Iconically Austin

A high-rise unit at the Austonian lives much larger while retaining the same footprint, and includes a nod to a classic Austin pastime.

HOMEOWNER BARB FITZPATRICK ALREADY HAD A unit at downtown’s The Austonian — the second-tallest residential building in the city — but was looking for a larger floor plan, one where she and her husband could live more comfortably and make it their own. Living at The Austonian has granted the semi-retired couple access to shopping, restaurants and more. “The Austonian is such a wonderful place, and they help you with anything you need,” she says.

While the pair mainly reside in Beverly Hills, Michigan, and still have a business there, they worked with local builder David Wilkes and Michigan-based architect Robert McCalpin of Robert McCalpin Architects to complete the transformation. “Rob is actually a fraternity brother of my husband’s,” Fitzpatrick adds.

Fitzpatrick was quickly connected with David Wilkes Builders — a preferred builder at The Austonian — to refresh their three-bedroom, two-and-a-half-bathroom condo. The brief? Add a third bathroom (this would create two guest rooms with en-suites), reconfigure the laundry room and build a his-and-her office. “Every room was touched in some way,” says Fitzpatrick.

Creating another bathroom, especially in a high-rise, was an initial challenge, but one which the team leaned on a creative solution to accomplish. “The plumbing is located on the floor, so is in the ceiling of the floor below,” says project manager Christian Bingham of David Wilkes Builders. “We worked with the architect to place a wall-mounted toilet and we raised the shower to drain into the accessible plumbing stack.”

The home, which is a similar size to units Bingham had previously worked on (David Wilkes Builders has worked on units both smaller and larger within the building, he notes), started with all new flooring in a pre-finished wide oak plank, new textured kitchen cabinetry with fronts from the same manufacturer found in the original kitchen, and he also redid parts of the master bathroom. As the unit was original (completed circa 2009), the finishes were dated, the clients yearned for a better paint scene and they also asked for a built-in office, something McCalpin and Bingham completed by utilizing an oddly placed living room-facing closet. With views toward both the east and west, the couple can enjoy picturesque scenes down Congress Avenue all the way to the Capitol.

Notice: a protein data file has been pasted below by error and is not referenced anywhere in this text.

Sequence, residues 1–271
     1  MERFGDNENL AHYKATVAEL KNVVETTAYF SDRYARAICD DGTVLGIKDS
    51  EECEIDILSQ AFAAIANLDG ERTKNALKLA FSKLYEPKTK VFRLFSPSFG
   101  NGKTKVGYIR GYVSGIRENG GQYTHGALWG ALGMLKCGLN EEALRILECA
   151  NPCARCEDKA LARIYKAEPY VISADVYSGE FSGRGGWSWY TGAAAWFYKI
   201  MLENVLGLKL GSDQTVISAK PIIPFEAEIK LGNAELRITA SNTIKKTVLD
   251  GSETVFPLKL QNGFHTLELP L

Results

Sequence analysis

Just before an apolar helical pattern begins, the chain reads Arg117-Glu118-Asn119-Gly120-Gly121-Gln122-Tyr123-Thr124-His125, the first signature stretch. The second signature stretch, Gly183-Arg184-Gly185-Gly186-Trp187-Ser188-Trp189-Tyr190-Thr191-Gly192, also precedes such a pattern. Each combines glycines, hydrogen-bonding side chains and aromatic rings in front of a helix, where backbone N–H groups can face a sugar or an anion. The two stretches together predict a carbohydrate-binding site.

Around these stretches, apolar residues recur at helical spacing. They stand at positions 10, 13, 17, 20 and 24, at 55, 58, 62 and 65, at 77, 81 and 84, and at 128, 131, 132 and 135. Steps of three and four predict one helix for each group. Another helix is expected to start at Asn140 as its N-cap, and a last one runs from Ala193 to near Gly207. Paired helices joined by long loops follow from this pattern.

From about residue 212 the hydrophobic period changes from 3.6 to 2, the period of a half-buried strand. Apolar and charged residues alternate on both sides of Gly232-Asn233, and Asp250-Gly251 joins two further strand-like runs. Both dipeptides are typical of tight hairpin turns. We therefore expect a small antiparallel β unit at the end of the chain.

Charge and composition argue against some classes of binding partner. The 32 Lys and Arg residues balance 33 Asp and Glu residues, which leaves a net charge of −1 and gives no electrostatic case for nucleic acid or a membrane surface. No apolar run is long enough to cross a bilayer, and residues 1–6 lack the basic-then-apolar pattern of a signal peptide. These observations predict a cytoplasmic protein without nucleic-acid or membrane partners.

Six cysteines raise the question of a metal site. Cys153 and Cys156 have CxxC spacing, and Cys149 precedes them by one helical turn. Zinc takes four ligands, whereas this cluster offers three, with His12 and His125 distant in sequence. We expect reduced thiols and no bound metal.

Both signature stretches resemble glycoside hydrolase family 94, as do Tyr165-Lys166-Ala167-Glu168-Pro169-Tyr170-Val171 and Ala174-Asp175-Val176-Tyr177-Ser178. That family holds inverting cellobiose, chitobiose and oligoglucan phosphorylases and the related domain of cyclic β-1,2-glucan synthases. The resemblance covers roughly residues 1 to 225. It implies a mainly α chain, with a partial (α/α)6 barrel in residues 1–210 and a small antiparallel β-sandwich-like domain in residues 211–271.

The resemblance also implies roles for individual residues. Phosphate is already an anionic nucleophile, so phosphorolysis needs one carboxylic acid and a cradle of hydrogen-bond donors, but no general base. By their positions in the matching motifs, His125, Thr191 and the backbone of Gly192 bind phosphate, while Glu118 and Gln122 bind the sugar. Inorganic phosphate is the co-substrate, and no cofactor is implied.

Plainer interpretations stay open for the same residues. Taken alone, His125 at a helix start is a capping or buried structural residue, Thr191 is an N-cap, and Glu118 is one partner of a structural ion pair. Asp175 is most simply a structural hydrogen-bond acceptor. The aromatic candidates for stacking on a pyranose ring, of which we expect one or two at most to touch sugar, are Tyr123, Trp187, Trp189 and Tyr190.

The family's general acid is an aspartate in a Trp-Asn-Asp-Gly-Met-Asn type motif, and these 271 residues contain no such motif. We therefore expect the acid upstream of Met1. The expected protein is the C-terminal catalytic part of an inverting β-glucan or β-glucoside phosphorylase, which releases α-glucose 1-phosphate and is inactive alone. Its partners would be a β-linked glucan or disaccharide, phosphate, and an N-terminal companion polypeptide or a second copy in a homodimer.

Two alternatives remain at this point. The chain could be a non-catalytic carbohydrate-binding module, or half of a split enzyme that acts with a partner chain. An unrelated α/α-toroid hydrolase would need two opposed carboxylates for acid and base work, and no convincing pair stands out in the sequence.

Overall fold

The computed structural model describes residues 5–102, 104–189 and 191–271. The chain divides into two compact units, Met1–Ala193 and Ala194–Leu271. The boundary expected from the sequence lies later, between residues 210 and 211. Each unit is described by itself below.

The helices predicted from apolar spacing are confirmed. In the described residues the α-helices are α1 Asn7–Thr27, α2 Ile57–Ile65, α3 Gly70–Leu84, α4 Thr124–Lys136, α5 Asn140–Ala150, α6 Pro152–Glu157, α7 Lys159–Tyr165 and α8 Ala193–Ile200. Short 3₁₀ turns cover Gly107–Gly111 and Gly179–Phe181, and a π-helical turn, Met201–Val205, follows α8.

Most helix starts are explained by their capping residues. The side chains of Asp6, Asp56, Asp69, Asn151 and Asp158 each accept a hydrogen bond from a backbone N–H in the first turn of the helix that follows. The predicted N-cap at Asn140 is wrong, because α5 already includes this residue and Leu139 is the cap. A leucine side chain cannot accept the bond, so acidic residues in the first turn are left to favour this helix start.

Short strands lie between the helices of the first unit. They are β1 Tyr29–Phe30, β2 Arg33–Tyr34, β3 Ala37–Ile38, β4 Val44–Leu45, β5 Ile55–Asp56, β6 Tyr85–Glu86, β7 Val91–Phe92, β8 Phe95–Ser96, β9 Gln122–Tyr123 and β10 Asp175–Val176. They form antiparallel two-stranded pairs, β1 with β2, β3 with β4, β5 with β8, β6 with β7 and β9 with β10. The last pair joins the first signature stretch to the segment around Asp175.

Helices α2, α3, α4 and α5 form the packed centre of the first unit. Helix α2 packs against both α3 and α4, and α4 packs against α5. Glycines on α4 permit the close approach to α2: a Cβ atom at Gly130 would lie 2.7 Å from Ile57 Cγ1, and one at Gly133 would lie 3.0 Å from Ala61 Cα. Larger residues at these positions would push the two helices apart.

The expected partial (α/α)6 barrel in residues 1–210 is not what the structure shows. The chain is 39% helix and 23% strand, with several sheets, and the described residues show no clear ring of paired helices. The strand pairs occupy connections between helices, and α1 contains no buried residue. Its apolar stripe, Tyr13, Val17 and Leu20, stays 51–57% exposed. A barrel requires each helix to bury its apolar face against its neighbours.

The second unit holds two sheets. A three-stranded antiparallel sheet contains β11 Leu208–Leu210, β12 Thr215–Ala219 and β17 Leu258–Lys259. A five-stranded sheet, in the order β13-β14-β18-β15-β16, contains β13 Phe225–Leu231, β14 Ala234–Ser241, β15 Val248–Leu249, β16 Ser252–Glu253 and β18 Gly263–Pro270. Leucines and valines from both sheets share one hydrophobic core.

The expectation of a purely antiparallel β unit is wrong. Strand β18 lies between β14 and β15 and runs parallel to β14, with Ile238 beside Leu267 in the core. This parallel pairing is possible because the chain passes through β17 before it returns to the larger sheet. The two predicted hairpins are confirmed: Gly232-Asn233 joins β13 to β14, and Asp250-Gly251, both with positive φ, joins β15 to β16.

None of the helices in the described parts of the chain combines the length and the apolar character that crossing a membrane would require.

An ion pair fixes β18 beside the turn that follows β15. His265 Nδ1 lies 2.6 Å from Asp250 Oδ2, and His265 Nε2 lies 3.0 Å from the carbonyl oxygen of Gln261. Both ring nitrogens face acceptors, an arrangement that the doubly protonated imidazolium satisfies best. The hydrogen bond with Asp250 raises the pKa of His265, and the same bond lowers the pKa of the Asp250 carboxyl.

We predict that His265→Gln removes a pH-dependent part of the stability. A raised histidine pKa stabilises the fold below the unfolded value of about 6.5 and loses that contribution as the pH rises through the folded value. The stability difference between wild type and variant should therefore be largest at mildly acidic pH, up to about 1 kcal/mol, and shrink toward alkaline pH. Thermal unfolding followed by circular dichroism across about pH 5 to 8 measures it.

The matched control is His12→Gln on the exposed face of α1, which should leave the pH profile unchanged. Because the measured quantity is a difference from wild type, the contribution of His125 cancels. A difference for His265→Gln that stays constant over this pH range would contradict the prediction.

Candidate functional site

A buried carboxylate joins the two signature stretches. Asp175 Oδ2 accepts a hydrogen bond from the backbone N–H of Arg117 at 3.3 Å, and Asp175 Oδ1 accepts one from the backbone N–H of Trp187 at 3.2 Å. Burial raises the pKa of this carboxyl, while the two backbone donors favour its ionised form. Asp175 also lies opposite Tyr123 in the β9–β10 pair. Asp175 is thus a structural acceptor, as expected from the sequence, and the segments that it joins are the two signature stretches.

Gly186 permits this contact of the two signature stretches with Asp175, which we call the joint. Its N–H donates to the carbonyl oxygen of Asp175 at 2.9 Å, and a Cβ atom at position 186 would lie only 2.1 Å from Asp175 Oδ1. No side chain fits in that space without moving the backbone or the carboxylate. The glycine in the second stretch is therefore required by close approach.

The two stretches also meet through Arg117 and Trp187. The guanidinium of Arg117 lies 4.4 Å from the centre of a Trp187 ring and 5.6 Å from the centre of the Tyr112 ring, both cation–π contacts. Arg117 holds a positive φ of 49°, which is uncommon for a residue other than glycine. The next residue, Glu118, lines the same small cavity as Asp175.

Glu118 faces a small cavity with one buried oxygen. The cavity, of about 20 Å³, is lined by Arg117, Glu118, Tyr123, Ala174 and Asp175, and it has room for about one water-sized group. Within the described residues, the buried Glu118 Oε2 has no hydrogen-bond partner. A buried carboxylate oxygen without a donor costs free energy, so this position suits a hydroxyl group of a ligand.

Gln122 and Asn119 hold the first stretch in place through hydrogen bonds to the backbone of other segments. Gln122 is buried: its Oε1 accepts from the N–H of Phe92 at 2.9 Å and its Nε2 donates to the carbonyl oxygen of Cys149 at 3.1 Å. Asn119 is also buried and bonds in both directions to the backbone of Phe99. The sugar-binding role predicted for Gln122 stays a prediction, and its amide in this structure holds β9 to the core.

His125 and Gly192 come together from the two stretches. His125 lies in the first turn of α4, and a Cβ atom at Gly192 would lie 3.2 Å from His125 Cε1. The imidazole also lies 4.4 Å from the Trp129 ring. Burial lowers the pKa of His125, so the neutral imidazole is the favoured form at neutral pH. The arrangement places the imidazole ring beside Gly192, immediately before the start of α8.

In the kitchen, Bingham kept the layout intact, which was luckily both spacious and functional, but added a coffee center and worked alongside McCalpin who made the finish-out selections. The new bar has a custom wood countertop and grey herringbone Ann Sacks tile, plus there is a new refrigerator and fresh cabinetry fronts with a subtle wave texture and dropped light bar, which is one of Fitzpatrick’s favorite unique features of the home. “We spoke with the architect through phone and emails and sent photos,” Bingham recalls. “He made a few trips down with the clients during construction to check the progress.”

The open concept living and dining room features a custom wall panel, which was a perfect fit for the credenza that lies below, along with new lighting. But perhaps the most striking addition is a floor-to-ceiling mural of the nightly bat emergence from Congress Avenue Bridge. Local artist and photographer Sandy Carson enlarged and installed the piece. Positioned between windows that span the entire space, the backdrop of downtown complements the iconic scene. “The print is almost like wallpaper,” Fitzpatrick says. The master bathroom received a larger closet and downsized shower, something that is not often a request during builds. “The master bath had a huge shower that was odd to look at,” says the homeowner. “My husband suggested that we put a spot in there where you could change.” By moving the shower head and placing slatted teak planks, the shower now includes a splash-free dressing room.

The office, which is one of the most notable changes to the home, was once a large walk-in closet separated from the bedroom. It may have acted as secondary clothing storage, but its placement did not make any sense within the layout. “We went for French doors, a wrap-around desk on three sides, a cork board with fabric walls, filing cabinets, which rest underneath the desktop and a built-in walnut shelving unit,” Bingham says.

Now, the Fitzpatricks can spend time in their newly customized second home, enjoying Austin’s vibe and the luxurious amenities of The Austonian. “The home turned out perfectly,” Fitzpatrick says. “I don’t know how we got so lucky.”

DAVID WILKES BUILDERS 512-328-9888 | davidwilkesbuilders.com